We’re here today with Nikki Krueger, a Building Science & Business Development Manager from Santa Fe Dehumidifiers. We love talking to Nikki, she’s been a go-to resource for the deep dives into ventilation and dehumidification, particularly here in the Southeast for high-performance homes!
Our buildings are getting tighter which is great for energy efficiency and comfortability, but in the humid Southeast, we also need to manage for moisture. If you are building tight, ventilating right, but recently experiencing humidity or moisture issues — this blog is for you!
It used to be that when a dehumidifier was needed it meant someone did something wrong, but the reality is that it’s inevitable in the Southeast. If you’re building a tight envelope, bringing in mechanical ventilation to keep homeowners healthy, and sizing the HVAC system correctly, you are doing everything right — almost. Having a strategy dedicated to moisture management is the next level up to truly be a high performance builder in our humid climate zone.
How do you know if you have a moisture management issue? Condensation is the most obvious sign that there is a problem — either too much water in your air or you are overcooling an area.
You might have a mold issue and not even see condensation! High relative humidity in a house means there is not only moisture in the air, but we are also moisture loading the home’s materials. This means all of the materials in the house — like furniture, drywall, wood, that spray foamed attic — are absorbing moisture and can be wet enough to support microbial growth. So you may actually end up with microbial issues because of high relative humidity, even if you don’t see it.
It’s also a lifestyle thing — we all breathe, cook, take a bath. A builder can do absolutely everything correctly and there are still a lot of little components that add to the relative humidity.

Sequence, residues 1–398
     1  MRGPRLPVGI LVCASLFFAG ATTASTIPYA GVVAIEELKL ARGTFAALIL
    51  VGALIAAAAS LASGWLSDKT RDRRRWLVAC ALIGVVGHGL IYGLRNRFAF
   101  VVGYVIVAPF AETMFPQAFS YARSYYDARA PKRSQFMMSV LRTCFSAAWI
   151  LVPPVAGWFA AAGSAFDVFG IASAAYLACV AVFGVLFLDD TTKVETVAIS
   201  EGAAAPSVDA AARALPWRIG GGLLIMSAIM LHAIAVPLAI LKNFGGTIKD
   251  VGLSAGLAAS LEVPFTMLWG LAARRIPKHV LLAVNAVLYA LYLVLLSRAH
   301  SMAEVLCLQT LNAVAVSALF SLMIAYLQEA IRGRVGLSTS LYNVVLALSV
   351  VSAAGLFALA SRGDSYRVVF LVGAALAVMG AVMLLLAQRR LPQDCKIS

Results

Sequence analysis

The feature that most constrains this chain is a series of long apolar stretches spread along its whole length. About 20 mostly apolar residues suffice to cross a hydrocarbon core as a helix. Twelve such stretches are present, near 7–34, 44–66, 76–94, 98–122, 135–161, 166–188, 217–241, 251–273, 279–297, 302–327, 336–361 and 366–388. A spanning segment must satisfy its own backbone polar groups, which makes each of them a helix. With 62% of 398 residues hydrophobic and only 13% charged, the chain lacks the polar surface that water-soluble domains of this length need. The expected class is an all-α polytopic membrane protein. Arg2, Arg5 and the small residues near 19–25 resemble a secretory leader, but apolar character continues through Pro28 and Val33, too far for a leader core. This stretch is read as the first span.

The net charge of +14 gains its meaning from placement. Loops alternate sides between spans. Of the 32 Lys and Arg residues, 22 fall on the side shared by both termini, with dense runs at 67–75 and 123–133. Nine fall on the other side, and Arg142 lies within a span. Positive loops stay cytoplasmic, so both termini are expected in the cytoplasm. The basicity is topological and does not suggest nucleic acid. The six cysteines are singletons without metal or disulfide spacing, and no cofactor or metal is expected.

Monitoring is how you will know if you have high relative humidity. Some thermostats do measure relative humidity – but sensors throughout the home are the way to go. Typically, you don’t want a homeowner going out and just buying the cheapest thing because those sensors can be way off. So look into a good monitoring system and make that part of your package. As a homeowner, having a builder say, “We care about your indoor quality. We care about your comfort. We’re going to monitor,” says a lot.
What is relative humidity? Relative humidity (RH) measures water vapor RELATIVE to the temperature of the air. For health and comfort, the recommended RH for 72F is 55%.
These are the holy grail for controlling moisture. Ventilation and filtration provide the health aspect while dehumidification not only provides the health, but you also get the comfort, sustainability, durability, as well as the reputation and liability protection that goes along with those.
Air leakage is the number one contributor to humidity so tighten up that building envelope and control where you are exhausting and supplying air. We know that if we can control the way air comes in and out of the house, then we’ve got a better chance of creating a healthier environment by being able to manage the moisture in that air.